We aim to facilitate respectful debate, which unfortunately is not always the case.


      • Elizabeth Rankin BScN says:

        The Health Debate is a wonderful site for many to come together and collaborate and share both ideas and opinions. Venting is good as long as the remarks don’t become rude and demeaning.


      • Elizabeth Rankin BScN says:

        I don’t agree that Renal Colic’s comments are ridiculous and offensive. I agree with her position that the Role of NP and PA has been subjected to the whims of medical politics. For years the role of the NP was difficult to get established and then maintained because the government would okay funding to establish the programming only to cut it off so for years the position was in limbo. I expect the funding is now more stable and will likely be for the role of PA, at least one hopes this is the case.


    • M-L says:

      PAs can already prescribe…it’s a part of practicing medicine.

  • David says:

    A UBC research synthesis released earlier this year, and funded by MSFHR, found merits to the introduction of Physician Assistants but after a comprehensive review and plan of regulatory, interprofessional and funding factors.

  • Russ says:

    I know we usually take the high road and provide comments like many of those today. But seriously, the PA profession has been around for 35 years in the States/Canadian Forces and it’s been ten years since we started working in the civilian world here in Canada. Just how long will it be until some people take their heads out of the sand? For once … I’m going to say I question the judgment of someone that jumps to conclusions or screams the sky is falling, the sky is falling.

    Thankfully the real judge of our competency is our co-workers, the patients we treat and the confidence those people have in us. That confidence and trust does not come from a Cracker Jack box. I wonder what these people must think after having been treated by, or worked along side a PA only to at some point in time to read that we are menace to society or that we should be banished from the planet. How do they reconcile the fact that they have found us to be professional/competent/knowledgeable and caring???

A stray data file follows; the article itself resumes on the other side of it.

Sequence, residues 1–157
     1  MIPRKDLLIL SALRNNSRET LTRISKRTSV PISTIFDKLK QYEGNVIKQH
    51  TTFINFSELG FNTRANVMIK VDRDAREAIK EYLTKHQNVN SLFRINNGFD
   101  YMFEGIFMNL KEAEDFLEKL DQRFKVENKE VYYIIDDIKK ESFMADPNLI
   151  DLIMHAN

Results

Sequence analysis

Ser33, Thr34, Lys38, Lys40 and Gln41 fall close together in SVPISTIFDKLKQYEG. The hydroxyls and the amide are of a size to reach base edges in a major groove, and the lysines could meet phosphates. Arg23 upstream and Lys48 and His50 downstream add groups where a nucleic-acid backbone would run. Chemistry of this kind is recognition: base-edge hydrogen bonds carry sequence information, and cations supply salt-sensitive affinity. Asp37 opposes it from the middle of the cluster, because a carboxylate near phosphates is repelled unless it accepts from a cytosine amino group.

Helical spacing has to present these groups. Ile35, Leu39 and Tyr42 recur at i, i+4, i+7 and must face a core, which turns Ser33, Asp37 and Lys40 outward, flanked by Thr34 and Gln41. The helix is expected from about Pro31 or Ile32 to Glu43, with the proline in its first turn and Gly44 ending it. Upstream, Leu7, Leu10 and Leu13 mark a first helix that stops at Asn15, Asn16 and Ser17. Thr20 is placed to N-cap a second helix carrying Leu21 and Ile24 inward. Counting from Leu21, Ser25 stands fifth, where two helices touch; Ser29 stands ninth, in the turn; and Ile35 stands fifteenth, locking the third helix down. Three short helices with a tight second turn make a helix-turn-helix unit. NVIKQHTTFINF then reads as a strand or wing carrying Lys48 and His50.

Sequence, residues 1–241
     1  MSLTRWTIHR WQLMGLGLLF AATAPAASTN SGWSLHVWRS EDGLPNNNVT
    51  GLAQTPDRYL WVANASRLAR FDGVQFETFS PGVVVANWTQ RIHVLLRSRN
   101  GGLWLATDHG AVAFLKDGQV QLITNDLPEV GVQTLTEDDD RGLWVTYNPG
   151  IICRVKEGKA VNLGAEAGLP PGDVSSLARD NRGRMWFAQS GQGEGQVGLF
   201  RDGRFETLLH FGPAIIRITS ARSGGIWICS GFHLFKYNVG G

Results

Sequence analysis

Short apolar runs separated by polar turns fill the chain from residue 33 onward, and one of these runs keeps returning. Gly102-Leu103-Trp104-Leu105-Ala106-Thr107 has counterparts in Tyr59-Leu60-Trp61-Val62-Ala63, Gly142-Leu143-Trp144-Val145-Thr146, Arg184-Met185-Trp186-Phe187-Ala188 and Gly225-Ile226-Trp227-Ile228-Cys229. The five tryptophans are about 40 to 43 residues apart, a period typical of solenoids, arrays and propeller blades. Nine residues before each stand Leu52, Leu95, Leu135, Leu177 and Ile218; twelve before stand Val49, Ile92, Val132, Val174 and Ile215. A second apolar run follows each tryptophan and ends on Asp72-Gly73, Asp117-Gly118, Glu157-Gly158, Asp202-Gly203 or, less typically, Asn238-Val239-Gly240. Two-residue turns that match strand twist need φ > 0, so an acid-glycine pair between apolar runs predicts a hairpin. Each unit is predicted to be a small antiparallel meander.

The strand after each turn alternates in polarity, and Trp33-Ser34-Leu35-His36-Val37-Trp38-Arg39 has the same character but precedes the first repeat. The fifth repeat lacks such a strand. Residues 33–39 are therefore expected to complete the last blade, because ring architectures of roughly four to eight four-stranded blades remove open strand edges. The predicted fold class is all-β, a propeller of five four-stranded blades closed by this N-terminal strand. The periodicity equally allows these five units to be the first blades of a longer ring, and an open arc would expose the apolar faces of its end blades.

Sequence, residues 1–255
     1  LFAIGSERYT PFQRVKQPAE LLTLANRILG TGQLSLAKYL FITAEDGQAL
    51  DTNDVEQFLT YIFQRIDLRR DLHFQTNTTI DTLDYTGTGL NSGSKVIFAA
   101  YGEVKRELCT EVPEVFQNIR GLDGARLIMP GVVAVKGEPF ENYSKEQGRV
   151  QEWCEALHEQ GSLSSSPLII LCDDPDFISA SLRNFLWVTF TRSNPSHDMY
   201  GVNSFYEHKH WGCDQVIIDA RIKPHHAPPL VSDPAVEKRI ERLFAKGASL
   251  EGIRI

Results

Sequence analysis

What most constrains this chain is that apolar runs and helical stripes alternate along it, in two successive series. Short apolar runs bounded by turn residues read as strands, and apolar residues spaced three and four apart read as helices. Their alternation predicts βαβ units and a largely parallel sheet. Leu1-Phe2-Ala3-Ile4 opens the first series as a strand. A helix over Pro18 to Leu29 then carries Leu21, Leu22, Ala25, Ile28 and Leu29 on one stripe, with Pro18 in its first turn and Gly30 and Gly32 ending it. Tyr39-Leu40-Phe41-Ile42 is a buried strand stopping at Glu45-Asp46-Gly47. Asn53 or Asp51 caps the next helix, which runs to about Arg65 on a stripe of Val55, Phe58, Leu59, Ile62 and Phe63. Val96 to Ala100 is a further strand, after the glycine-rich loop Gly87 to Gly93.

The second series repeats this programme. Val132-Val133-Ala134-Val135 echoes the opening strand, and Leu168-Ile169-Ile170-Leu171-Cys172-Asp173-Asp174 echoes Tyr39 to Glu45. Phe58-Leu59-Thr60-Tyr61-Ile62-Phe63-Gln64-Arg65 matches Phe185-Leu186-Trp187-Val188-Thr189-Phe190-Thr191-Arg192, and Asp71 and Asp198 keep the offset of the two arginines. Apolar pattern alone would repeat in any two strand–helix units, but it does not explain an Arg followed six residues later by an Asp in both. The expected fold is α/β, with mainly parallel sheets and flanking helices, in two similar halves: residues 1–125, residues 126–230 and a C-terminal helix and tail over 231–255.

Do you think they go – OMG I was treated by a witch doctor??? Really???

    Ok I’m done and like most of us I will just keep doing what we have been doing (in my case over 30 years) providing care to patients. As an FYI ….In all that time I have never shaken a rattle over a patient or thrown bones on the ground…

    By the way…for those unaware… providing care the “under the supervision of a physician” does not necessarily mean in the same office… it means we have a formal relationship in which we can seek and receive guidance when required. (Not being thrown to the wolves is a good thing) When I was with the Forces the Docs that “supervised me”… were often not even in the same hemisphere…they were however available for consultation or to provide advice when necessary. (Another good thing)